The Ninth Circuit's opinion is difficult to reconcile with Spokeo. In Spokeo, the U.S. Supreme Court held that, to be sufficient, an injury must "actually exist" and clarified that "not all inaccuracies cause harm or present any material risk of harm" to a plaintiff. Yet, the Ninth Circuit held that an inaccurate report is itself a concrete injury even if the only people who received the report were the plaintiff and his lawyer. (The plaintiff did not allege that the defendant had furnished his report to anyone other than the plaintiff and his lawyer.)

The Ninth Circuit's position also seems to conflict with the Fourth Circuit's ruling in Dreher v. Experian Information Solutions. In that case, the plaintiff sued a consumer reporting agency for inaccurately identifying the source of credit information in his report. The Fourth Circuit rejected the plaintiff's argument that the inaccuracy itself was an injury. Instead, the court held that a plaintiff must show that he "was adversely affected by the alleged error on his report." The court reasoned that an inaccuracy "work[s] no real world harm" unless it has a negative impact on the consumer.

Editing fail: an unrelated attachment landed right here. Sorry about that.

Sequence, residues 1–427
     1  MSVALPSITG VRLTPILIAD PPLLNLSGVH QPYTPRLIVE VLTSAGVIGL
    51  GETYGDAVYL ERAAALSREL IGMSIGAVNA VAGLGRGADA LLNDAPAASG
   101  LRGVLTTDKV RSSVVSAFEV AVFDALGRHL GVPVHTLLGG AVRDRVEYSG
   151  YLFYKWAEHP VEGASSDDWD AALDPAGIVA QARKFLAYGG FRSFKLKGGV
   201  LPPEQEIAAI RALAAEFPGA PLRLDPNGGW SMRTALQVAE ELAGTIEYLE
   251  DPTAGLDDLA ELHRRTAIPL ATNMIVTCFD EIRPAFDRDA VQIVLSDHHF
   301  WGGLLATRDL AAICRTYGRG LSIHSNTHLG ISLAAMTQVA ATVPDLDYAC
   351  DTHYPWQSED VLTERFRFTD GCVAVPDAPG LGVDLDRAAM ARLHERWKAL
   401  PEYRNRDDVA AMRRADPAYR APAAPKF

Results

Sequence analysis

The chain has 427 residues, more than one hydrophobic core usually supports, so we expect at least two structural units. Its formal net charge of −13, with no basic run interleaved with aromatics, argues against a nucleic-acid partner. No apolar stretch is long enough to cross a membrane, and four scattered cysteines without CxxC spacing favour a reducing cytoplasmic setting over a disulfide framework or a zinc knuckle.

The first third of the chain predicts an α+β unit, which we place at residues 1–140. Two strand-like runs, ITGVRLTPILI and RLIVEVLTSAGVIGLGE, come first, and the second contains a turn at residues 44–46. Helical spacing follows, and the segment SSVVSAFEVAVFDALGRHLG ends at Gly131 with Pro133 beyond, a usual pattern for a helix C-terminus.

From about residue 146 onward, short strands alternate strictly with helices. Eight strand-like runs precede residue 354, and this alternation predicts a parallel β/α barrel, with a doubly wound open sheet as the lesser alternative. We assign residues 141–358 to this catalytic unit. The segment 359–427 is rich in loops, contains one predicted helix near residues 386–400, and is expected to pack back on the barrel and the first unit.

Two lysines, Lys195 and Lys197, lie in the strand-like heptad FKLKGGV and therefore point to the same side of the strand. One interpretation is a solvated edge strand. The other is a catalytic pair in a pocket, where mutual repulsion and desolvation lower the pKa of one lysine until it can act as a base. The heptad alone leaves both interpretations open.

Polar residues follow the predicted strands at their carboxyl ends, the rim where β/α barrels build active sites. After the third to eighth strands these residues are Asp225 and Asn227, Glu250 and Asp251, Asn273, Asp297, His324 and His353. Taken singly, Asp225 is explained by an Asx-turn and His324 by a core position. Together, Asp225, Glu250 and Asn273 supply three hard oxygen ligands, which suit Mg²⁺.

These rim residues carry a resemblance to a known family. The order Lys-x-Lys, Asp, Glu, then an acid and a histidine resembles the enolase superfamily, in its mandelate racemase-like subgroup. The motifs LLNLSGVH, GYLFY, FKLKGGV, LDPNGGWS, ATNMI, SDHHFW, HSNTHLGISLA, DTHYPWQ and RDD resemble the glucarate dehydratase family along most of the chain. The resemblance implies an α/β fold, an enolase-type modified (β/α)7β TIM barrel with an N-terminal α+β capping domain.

Implications for Businesses

Robins and Dreher indicate that the federal courts are still grappling with Spokeo's meaning. We expect the issue will continue to percolate in the federal courts. If the divide on Spokeo's application deepens among the federal courts of appeal, the U.S. Supreme Court may revisit the standing issue to provide more clarity.

For now, under Robins, consumers may be able to bring FCRA claims in federal court whenever their reports contain inaccurate information unless that information is truly benign, such as when an address contains a mistyped zip code. Even if a plaintiff lacks Article III standing under Dreher, he or she may be able to proceed in state court in jurisdictions that recognize broad standing to sue for any statutory violation.

For this reason, companies preparing or obtaining credit checks, employment checks, or other background checks should be careful to comply with each of the FCRA's highly technical requirements. Similarly, companies, such as financial institutions, that furnish information about customers to consumer reporting agencies should ensure that they have measures in place to ensure accurate reporting and to handle consumer disputes properly. Failing to comply with a FCRA requirement could expose a company to class action liability even if the violation did not affect the plaintiff or any class member.

The content of this article is intended to provide a general guide to the subject matter. Specialist advice should be sought about your specific circumstances.

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Esther Slater McDonald